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Checking in on Wakefield and Chapman

11.10.09 at 11:51 am ET
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CHICAGO — Executives are in meetings all morning here at the O’Hare International Airport Hilton, leaving me in a desolate work room with just my computer and a free 10 oz Diet Pepsi that would have cost me $4 upstairs (no lie).

The schedule will allow for access to all the general managers starting at 4:30 p.m. EST, which will surely spawn a flurry of Tweets and the like starting about 5:30 p.m.

One thing I forgot to pass on Monday was that in my conversation with Tim Wakefield, he passed along what a difference the surgery on his back had meant. He said that the limp which he had been saddled with for the past few months was instantly gone once he could get out of his hospital bed.

“I feel great” Wakefield said. “I’m getting more strength in my calf and my hamstring. As a matter of fact, the doctor came in soon after surgery and I was doing laps around the nurses station with my wife with my IV without limping. It was that instantaneously.

“Dr. (Lawrence) Borges did a phenomenal job. He even said to me that he was surprised that I was pitching because the fragment they took out of my back was pretty big.”

I did run into one National League executive who was toying with the idea of watching Cuban free agent pitcher Aroldis Chapman in the Dominican Republic. (He is reportedly in Costa Rica right now. Ed. Note: Chapman’s representatives clarified that the pitcher is currently in the United States, and has no plans to pitch in the Dominican.) The executive reiterated that while the talent for Chapman was off the charts (95-102 mph fastball), there was some growing concern regarding his make-up, which is not the norm for pitchers coming over from Cuba.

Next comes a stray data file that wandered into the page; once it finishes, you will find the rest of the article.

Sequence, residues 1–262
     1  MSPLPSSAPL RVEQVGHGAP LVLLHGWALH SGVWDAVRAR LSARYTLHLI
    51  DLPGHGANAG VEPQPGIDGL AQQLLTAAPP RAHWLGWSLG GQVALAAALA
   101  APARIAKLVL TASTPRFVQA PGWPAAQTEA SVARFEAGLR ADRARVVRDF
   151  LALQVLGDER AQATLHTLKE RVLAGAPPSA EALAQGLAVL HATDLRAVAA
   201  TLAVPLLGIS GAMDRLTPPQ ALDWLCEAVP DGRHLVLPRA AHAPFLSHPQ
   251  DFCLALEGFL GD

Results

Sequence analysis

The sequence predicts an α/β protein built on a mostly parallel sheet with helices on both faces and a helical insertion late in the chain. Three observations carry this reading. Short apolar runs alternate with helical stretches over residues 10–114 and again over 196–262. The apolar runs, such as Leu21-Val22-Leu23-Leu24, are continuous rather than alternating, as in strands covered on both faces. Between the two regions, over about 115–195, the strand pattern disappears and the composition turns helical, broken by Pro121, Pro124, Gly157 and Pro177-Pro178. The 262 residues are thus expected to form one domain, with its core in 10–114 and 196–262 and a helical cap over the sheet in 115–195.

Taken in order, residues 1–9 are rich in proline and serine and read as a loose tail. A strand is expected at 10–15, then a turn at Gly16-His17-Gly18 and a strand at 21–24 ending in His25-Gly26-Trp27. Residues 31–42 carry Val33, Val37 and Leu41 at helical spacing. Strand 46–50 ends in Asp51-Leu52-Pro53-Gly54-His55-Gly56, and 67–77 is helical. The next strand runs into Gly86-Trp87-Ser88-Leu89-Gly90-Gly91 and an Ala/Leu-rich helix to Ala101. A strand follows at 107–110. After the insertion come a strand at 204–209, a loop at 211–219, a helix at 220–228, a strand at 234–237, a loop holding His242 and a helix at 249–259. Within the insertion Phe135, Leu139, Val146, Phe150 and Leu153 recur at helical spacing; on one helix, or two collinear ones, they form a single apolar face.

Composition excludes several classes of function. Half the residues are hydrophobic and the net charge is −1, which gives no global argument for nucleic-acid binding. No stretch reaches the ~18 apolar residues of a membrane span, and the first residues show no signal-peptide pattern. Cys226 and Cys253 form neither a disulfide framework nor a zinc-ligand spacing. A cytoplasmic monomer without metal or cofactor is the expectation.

If you remember, one of the selling points for Jose Contreras when the Yankees and Red Sox were going toe-to-toe for the pitcher’s services was that he had pitched in the most pressure-packed of environments under the watchful eye of Fidel Castro and the Cuban government.

The 21-year-old Chapman, who will make a boatload of money from somebody (although maybe not as much as he is asking for), is perceived as somewhat immature, a notion that wasn’t displaced after a drama-filled World Baseball Classic outing. Unlike Contreras, there are conflicting reports whether the lefty flamethrower is even ready to begin his career in the big leagues.

All the concerns aside, with his upside, and the dearth of free agent pitching, Chapman figures to be one of the offseason’s biggest prizes and elicit some more good lobby talk as the meetings march along.

Be back later once access picks up …

Read More: aroldis chapman, Hot Stove, jose contreras, Tim Wakefield
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